Want to make this the year you really get behind your financial goals? Practicing the 12 behaviors listed below can help you build financial stability. Don’t wait to implement these suggestions. Start using them today, and day-by-day, to exercise and strengthen your financial muscle.
- Picture your financial fitness. Visualize your life when you are financially fit. What will life look like, sound like and feel like when you have more money in the bank and fewer bills dragging you down? What will you see happening around you? What will you hear people saying? What will your own self talk sound like? How will you feel inside? Take time now to capture that feeling in your body and memorize it. Later, when you are tempted to spend beyond your means, pull that picture to mind and recall how good you will feel if you don’t spend extra money and let yourself enjoy the security of money in the bank instead. Get in the habit of spending money only to reduce debt instead of increasing it.
- Commit to learning all you can about financial fitness. Start by reading at least one book on finance and debt management. Check out Dave Ramsey’s Total Money Makeover and Zero Debt by Lynnette Khalfani-Cox. You also may like Debt-Proof Living: The Complete Guide to Living Financially Free by Mary Hunt and The Richest Man in Babylon by George Clason, which uses parables to share information about discipline and self-control. Save money on books by checking them out of the library or purchasing the Kindle edition.
- Make a budget and stick to it. Make a list of your bills on paper, a ledger sheet or a computer spreadsheet. Review it and decide which purchases and monthly bills are absolutely necessary and required. Then practice eliminating at least one expense per month from recurring bills. Think about what you can do without or do for yourself instead of hiring someone to do it for you. For example, can you eliminate your Starbucks run by carrying coffee from home? How much will you save if you color your own hair or cut your own lawn? How much might you save if you buy fresh foods instead of prepared foods? And stop eating out at restaurants if you have debt you can’t manage now. Eating at home is easier on your budget. As you change these behaviors, you’ll be working your financial decision muscles and saving money too!
- Focus on saving for the long term. If you have a retirement plan, increasing the payroll deductions you allocate to a savings effort by even one percent will help you save for the future. Get in the habit of increasing your contribution to matched plans annually by one percent until you have met the maximum contribution allowed. If you don’t have a retirement plan, speak to a banker, accountant or financial planner about how you can set up a self-managed plan, such as an IRA or Roth fund. Or simply open a savings account at your local bank and deposit a small amount from each paycheck.
- Stop borrowing. Resolve not to take on more debt this year. Avoid the temptation to respond to credit offers you think will help you stretch your paycheck. Use the money you don’t spend on credit to pay down existing debt or save for a rainy day.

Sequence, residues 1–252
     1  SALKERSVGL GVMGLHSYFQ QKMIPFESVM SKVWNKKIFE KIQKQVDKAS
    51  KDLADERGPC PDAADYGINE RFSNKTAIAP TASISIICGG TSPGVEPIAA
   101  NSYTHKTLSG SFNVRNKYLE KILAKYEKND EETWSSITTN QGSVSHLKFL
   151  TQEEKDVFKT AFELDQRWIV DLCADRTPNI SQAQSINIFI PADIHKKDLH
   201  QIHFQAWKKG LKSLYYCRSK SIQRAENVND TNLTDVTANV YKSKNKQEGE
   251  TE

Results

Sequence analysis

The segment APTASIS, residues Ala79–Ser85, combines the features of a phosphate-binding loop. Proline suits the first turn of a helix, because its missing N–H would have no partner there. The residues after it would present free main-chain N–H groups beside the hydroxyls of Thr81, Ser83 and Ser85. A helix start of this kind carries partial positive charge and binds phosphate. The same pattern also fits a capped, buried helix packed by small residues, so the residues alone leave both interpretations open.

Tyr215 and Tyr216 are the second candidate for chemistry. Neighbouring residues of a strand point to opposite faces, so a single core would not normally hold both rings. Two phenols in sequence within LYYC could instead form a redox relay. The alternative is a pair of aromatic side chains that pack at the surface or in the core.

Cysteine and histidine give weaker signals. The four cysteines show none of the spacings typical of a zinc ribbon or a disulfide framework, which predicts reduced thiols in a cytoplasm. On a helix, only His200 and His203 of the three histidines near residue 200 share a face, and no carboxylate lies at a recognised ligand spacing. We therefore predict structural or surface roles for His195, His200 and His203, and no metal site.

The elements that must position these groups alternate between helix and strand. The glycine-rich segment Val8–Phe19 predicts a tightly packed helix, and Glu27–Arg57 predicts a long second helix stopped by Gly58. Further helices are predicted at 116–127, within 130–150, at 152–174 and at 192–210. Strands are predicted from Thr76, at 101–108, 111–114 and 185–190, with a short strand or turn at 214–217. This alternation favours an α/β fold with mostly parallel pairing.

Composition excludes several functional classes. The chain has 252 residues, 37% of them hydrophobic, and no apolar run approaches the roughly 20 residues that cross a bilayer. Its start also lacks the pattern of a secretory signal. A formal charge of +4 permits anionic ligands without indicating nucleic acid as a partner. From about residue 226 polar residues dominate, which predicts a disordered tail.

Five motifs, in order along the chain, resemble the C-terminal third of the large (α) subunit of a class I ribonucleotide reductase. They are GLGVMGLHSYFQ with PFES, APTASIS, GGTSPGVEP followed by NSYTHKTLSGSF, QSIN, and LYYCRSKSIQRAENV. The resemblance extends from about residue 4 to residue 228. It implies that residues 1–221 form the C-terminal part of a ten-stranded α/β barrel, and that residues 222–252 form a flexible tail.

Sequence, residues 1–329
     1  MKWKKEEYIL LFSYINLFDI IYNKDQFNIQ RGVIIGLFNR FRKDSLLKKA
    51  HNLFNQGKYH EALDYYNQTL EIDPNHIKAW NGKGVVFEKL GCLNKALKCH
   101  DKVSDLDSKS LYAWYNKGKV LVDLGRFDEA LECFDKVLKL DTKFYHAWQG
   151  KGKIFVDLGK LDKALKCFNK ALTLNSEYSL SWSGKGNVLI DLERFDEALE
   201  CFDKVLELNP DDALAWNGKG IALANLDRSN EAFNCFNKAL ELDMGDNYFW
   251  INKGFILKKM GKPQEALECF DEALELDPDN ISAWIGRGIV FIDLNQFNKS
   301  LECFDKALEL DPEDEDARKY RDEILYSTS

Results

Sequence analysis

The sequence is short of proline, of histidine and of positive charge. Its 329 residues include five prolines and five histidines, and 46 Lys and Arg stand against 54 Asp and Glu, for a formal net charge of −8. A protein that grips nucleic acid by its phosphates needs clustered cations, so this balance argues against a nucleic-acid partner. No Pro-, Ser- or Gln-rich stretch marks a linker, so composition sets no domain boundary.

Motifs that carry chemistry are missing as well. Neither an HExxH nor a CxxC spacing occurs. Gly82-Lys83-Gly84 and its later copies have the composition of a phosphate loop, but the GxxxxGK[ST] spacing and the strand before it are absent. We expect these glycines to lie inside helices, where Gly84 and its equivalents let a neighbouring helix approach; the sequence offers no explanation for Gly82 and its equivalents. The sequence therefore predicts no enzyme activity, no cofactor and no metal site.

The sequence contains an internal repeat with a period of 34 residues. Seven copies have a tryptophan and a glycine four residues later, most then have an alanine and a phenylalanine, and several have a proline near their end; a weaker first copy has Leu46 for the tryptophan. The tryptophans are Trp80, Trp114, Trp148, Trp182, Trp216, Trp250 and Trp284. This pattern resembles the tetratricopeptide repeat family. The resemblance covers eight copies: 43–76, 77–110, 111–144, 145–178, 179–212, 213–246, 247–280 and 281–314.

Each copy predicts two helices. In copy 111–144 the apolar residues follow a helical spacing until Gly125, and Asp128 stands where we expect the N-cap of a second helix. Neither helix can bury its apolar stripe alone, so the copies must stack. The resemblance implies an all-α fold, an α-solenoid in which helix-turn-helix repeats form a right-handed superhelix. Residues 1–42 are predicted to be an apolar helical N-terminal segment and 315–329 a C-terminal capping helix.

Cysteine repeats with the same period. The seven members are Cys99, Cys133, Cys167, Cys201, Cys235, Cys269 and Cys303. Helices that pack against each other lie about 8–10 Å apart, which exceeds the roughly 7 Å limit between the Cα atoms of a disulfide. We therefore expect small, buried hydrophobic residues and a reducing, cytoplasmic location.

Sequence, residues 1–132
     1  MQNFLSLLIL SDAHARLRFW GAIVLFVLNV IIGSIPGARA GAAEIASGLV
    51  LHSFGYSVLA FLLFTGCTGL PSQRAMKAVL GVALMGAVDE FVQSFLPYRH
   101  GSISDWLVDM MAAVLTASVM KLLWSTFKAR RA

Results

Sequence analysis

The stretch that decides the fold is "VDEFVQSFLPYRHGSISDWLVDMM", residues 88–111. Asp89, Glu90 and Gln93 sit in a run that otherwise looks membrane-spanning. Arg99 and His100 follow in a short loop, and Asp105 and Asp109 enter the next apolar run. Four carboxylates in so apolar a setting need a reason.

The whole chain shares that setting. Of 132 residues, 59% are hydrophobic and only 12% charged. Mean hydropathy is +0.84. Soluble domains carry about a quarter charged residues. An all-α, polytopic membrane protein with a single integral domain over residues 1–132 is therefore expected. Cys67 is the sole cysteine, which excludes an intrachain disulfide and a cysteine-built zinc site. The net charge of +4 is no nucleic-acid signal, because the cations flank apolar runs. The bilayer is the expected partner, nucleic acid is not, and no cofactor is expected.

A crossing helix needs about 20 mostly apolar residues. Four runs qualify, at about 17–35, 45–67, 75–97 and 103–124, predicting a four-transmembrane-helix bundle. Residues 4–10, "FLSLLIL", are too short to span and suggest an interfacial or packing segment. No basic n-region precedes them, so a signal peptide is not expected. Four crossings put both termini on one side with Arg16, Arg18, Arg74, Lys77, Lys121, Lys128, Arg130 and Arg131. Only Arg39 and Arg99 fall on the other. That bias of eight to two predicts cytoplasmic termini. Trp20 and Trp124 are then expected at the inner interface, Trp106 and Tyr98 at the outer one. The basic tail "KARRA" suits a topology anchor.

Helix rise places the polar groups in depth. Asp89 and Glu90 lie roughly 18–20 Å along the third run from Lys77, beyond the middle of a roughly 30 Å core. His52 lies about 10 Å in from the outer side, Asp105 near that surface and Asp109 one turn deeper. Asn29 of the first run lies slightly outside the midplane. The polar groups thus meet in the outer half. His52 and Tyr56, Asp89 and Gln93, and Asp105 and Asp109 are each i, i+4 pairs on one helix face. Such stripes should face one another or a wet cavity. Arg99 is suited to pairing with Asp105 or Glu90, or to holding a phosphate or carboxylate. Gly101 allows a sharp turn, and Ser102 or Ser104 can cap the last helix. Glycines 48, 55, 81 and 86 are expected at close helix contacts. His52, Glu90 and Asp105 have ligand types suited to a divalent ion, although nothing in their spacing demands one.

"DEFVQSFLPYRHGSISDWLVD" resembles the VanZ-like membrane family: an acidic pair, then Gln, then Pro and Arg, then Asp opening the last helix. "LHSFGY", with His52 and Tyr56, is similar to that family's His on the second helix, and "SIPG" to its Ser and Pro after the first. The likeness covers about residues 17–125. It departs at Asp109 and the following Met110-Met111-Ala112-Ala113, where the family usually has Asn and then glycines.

- If you’re drowning in debt, learn how to negotiate and settle outstanding debts. Don’t rely on so-called debt consolidation companies. Most are scams. Companies (even those claiming to be non-profits) that offer debt management services add their own costs to your debt and only help you stretch payments out. You will pay more in the long run, which is not a good strategy for getting out of debt. A well-reviewed book on this topic is Negotiate and Settle Your Debts by Mandy Akridge.
- Pay early, whenever possible, and always on time. This will help you get ahead of your bills, which may reduce stress. Did you know that stress hormones interfere with clear judgment? When you develop more financial fitness and feel better about your financial position, your confidence in your financial behavior will grow and may reinforce itself. Paying early or on time will also help improve your credit rating, which will be important to you if you need to renegotiate a mortgage or make a big purchase when you can afford it.
- Watch less television! Television ads (especially the late night and home shopping variety) manipulate people into wanting and buying things they don’t need. Don’t be conned into buying on a whim.
- Use only cash or debit cards (not credit cards) to make purchases, and don’t buy unnecessary items.
- Live within your means. Plan to spend 10 percent less than you earn (and do it). Then put the 10 percent you don’t spend into savings.
- Monitor your credit rating. Don’t purchase credit reports your don’t need. You can get a free credit report each year from each of the three credit reporting agencies (Experian, Equifax, TransUnion). Don’t get the reports from each agency all at once. Ask for a report from one of the three at three-to-four month intervals and you will be able to monitor your credit all year long, without incurring additional expenses. If you notice errors, contact the agency/agencies involved to correct any mistakes.
- Stay balanced. Just as physical exercise helps with physical gait, the exercise of balancing your checkbook regularly will help keep your finances steady. Don’t rely on the bank balance you see online because that does not show you checks still outstanding. If you don’t keep a printed ledger, you could mislead yourself about how much money you actually have in the bank. Stay alert and aware of your ability to pay. And you’ll protect your credit score at the same time.
At Daley Law, we’re interested in how these strategies work for you. Drop us a line and let us know. Or call our office to schedule a consultation if you are so overwhelmed by debt that you believe you need assistance. Don’t wait and get deeper in debt while wondering what to do. We’re here to help.